Twenty Days In Normandy July 15, 1944 through August 3, 1944This was the first of several intense periods of war we had throughout the last six months of 1944 and the end of the war in Europe in May 1945. For the pilots of the 366th Fighter Group, it was an especially brutal time. We had moved from England to Normandy on D+12 about a month earlier, and living conditions were still rather spartan. Our food primarily consisted of K-rations with an occasional pot of dehydrated stew. But at least we were now under cover with about six men to a pyramidal tent, sleeping on standard army canvas cots. We even had a jerry-rigged shower made by mounting two wing tanks on a wooden stand. But Allied forces were stalled in Normandy. The Germans had pinned us into the hedgerow country, and daily Allied gains on the ground were measured in hundreds of yards, if any. Right behind our tent area in an apple orchard was an American 90mm anti-aircraft battery, and almost every night a couple of German planes would fly over. These 90mm guns and a thousand others spread across Normandy would open fire, and the sky would be filled with tracers and falling shrapnel. Uninterrupted sleep was uncommon.
Here is a brief report of some of my missions during this time frame:
July 17, 1944: Coutances, France. Dive bombed bridge. ME-109s and FW-190s attacked us in our dive. Our top cover flight of four P-47s engaged them.
July 24, 1944: Attacked along front lines. Dive bombed and strafed German troop concentrations. Heavy flak.
July 27, 1944: Morning mission, armed reconnaissance. We destroyed two tanks and several trucks. My element leader, 2nd Lt. Paul Bade, was killed within 40 feet of me.
July 27, 1944: Afternoon mission, armed reconnaissance along front lines. Strafed anything that moved behind German front lines. Intense flak. Battle damage.
July 29, 1944: Gavrey, France. Dive bombed bridge and tanks. Intense flak. My bombs hung up, so I had to carry them back and land with them still attached to my wings. Fuel warning light had been on for 20 minutes. Because of weight of the bombs I had to land at high speed. Plane in front of me was slow in clearing the runway. He had not heard my repeated calls, "I'm landing hot. Clear the runway." I overran him near end of the runway. This photograph of the plane that didn't clear the runway shows that two pilots were very lucky that day.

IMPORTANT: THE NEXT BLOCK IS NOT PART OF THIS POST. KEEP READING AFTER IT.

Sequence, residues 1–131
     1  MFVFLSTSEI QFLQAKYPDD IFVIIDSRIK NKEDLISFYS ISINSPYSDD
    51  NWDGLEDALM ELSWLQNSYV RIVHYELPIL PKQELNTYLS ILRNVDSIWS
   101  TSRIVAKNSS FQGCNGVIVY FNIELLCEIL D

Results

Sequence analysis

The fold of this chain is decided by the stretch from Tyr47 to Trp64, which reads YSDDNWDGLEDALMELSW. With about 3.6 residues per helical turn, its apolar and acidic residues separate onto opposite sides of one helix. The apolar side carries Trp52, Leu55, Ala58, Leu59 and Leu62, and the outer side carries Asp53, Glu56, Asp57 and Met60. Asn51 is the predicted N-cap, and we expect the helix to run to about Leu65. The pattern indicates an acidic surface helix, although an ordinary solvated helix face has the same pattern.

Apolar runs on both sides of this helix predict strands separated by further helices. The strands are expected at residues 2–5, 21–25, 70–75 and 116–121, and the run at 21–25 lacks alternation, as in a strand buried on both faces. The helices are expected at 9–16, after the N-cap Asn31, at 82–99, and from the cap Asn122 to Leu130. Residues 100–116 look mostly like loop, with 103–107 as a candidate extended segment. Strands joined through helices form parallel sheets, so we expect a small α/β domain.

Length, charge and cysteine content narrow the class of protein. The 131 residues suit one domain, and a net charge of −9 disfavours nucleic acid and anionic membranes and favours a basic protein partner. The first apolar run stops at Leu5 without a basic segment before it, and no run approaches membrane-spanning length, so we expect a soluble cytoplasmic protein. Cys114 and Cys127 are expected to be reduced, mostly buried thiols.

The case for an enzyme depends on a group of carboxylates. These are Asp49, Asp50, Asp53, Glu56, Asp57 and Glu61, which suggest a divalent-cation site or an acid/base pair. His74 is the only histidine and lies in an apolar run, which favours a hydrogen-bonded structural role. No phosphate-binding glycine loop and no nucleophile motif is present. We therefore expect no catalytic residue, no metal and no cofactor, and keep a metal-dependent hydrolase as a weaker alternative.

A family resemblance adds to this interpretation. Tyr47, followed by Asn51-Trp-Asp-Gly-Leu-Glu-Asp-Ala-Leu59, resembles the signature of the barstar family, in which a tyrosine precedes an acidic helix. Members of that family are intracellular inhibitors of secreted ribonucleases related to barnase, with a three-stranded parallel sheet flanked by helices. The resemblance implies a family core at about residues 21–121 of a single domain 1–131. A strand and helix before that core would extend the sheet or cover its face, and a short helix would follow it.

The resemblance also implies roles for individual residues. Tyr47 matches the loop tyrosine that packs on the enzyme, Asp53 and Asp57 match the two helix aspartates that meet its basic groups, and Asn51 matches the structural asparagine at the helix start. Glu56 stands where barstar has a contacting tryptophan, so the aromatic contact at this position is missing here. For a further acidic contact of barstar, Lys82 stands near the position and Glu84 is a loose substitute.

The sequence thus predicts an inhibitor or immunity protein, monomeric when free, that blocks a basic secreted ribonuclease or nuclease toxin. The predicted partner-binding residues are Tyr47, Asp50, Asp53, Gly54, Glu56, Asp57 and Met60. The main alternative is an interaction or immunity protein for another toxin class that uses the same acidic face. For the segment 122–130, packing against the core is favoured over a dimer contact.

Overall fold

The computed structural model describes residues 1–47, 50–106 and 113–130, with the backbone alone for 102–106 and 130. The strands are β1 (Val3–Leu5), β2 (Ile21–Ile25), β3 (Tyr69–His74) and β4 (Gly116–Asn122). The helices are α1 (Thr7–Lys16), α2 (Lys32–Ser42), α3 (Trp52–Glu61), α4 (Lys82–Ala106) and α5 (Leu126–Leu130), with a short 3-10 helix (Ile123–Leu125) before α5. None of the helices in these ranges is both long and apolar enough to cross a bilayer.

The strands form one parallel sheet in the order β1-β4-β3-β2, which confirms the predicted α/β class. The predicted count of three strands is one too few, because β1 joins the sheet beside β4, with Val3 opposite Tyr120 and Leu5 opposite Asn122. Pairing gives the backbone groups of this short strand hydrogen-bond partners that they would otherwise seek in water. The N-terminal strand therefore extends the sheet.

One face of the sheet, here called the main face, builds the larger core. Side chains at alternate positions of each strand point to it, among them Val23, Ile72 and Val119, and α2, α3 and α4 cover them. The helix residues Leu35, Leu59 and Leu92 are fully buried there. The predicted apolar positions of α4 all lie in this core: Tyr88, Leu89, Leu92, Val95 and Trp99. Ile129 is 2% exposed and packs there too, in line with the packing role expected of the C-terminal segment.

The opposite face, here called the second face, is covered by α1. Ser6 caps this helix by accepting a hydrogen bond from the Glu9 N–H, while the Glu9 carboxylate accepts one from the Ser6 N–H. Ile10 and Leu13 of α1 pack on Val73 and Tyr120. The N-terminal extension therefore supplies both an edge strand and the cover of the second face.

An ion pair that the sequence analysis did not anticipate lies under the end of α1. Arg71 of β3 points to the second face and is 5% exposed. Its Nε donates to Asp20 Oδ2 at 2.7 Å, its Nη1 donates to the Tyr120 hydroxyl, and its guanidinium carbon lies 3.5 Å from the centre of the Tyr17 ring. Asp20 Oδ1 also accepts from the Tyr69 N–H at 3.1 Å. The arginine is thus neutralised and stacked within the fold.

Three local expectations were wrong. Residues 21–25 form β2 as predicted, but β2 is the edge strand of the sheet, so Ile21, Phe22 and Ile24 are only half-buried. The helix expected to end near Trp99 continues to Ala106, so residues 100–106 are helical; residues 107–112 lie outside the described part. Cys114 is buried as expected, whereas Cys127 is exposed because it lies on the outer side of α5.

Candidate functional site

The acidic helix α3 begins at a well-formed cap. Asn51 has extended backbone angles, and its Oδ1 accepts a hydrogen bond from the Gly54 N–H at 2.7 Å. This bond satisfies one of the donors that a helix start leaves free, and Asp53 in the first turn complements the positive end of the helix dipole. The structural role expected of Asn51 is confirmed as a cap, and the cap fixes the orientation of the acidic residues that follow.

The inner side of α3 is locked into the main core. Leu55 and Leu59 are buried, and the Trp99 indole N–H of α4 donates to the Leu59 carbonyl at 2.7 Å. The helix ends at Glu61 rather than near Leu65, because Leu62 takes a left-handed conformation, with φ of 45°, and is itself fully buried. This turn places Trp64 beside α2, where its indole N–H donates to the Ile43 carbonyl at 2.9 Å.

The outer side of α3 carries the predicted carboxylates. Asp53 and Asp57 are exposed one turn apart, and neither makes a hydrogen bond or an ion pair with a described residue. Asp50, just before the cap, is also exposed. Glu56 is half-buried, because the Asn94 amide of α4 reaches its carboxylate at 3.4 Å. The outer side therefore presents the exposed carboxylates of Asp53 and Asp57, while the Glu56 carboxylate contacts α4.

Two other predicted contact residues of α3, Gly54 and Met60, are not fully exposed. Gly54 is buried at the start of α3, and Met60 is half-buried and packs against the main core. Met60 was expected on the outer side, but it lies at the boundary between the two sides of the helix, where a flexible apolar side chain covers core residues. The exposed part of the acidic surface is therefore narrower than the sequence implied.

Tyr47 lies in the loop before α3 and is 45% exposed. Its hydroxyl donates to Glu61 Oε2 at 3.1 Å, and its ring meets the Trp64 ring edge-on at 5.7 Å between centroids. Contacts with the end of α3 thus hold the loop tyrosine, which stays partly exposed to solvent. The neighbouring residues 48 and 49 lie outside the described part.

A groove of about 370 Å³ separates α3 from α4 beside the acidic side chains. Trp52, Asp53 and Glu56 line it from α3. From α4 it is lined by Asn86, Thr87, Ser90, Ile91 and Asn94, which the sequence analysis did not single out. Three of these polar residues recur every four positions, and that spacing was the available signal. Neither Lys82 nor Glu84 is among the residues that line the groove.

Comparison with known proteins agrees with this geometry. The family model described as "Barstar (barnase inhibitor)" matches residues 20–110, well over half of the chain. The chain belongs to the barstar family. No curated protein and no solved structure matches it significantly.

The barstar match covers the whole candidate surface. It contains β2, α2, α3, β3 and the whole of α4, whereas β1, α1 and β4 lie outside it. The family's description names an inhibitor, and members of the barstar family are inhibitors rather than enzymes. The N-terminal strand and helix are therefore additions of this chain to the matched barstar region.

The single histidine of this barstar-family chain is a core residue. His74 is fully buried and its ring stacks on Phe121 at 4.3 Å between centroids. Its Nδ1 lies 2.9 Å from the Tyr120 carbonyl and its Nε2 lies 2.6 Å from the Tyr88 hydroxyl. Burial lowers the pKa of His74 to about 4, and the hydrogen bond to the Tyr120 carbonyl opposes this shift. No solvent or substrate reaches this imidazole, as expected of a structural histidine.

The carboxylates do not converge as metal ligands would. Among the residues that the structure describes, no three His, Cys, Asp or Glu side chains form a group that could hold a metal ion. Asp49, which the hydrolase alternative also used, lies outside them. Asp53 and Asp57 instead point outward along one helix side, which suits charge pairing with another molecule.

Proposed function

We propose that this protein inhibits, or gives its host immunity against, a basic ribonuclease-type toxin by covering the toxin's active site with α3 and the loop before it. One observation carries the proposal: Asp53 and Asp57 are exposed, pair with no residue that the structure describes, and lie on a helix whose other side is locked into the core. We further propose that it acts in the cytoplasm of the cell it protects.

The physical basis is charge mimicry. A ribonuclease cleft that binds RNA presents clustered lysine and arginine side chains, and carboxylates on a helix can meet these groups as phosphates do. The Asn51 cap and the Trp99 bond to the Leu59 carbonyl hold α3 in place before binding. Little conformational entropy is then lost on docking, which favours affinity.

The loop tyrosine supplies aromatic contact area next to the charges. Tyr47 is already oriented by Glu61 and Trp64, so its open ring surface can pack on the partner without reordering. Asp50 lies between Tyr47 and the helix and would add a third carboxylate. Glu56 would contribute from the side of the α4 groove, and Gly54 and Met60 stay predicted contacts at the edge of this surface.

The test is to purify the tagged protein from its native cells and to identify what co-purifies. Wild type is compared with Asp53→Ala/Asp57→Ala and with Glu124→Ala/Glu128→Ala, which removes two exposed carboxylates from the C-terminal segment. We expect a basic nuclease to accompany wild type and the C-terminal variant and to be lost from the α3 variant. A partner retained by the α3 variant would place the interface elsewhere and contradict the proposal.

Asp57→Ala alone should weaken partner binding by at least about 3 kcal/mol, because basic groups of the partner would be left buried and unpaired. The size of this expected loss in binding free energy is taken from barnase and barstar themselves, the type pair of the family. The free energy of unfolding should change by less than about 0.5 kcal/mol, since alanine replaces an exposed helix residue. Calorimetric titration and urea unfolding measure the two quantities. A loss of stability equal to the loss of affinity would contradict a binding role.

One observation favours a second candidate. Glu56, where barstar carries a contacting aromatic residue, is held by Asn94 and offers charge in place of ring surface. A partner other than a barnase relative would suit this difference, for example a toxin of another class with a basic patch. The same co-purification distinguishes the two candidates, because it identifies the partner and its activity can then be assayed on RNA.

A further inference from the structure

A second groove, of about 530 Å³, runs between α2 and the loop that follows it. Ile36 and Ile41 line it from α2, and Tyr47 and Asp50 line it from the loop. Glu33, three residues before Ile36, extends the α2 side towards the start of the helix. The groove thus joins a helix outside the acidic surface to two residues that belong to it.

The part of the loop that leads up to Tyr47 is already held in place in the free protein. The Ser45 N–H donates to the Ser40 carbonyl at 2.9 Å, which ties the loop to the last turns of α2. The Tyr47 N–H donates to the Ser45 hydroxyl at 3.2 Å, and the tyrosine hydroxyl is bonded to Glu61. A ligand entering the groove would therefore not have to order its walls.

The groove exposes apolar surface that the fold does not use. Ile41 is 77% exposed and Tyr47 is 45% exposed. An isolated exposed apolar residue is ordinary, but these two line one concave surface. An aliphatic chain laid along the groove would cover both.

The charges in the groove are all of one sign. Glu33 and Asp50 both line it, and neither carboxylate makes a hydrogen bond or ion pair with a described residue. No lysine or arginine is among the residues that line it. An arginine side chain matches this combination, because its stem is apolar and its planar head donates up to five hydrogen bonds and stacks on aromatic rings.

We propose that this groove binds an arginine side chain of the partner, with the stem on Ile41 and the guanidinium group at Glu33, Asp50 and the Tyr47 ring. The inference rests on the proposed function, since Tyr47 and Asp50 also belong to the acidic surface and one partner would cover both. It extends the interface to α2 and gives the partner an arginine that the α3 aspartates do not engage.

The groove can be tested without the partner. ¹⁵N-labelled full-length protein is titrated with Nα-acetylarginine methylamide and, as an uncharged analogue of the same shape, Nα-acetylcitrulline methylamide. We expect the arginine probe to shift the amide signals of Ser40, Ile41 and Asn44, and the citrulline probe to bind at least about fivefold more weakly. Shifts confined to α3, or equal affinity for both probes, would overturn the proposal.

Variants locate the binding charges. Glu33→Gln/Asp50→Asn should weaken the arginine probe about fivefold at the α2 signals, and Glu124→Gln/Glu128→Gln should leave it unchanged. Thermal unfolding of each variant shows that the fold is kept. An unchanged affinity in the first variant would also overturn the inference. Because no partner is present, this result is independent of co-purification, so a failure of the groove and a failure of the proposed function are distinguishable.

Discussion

August 3, 1944: Scrambled in a hurry to dive bomb German tanks counter-attacking near Mortain. Over Vire I took several 20mm flak hits. Fire in the cockpit and supercharger. Tried to bail out but canopy was jammed from flak hit. Crash landed at our base. Knocked unconscious, dislocated shoulder in crash landing. After this mission I was given several days leave in London to recover. I was back flying missions on August 10, 1944. (Note: current x-rays still show damage to shoulder and three ribs broken by shoulder harness).
366th Fighter Group Casualties - July 24, 1944 through August 2, 1944:
July 26: 1st Lt. Robert Ackerly. Hit by flak. Bailed out -- plane was on fire.
July 26: 1st Lt. John Englehart. Hit by flak. Bailed out.
July 27: 1st Lt. Charles Ray. Strafing with bombs on. Hit by flak --- crashed and burned. KIA.
July 27: Capt. Jack Engman. Hit by flak. Plane was on fire. Bailed out at 8,000 feet, but chute did not open. KIA.
July 27: 2nd Lt. Paul Bade. Hit by flak at low altitude. Tried to bail out, but was too low. KIA. Waved to wingman an instant before he crashed. I was that wingman.
July 28: 2nd Lt. Robert Jones. Shot down by flak. Injured in bailout.
July 28: 2nd Lt. Clinton Mendenhall. Hit by flak in his dive. Crashed in flames. KIA.
August 2: 1st Lt. Kenneth Roberts. Hit by flak over Vire. Crashed on edge of town. KIA.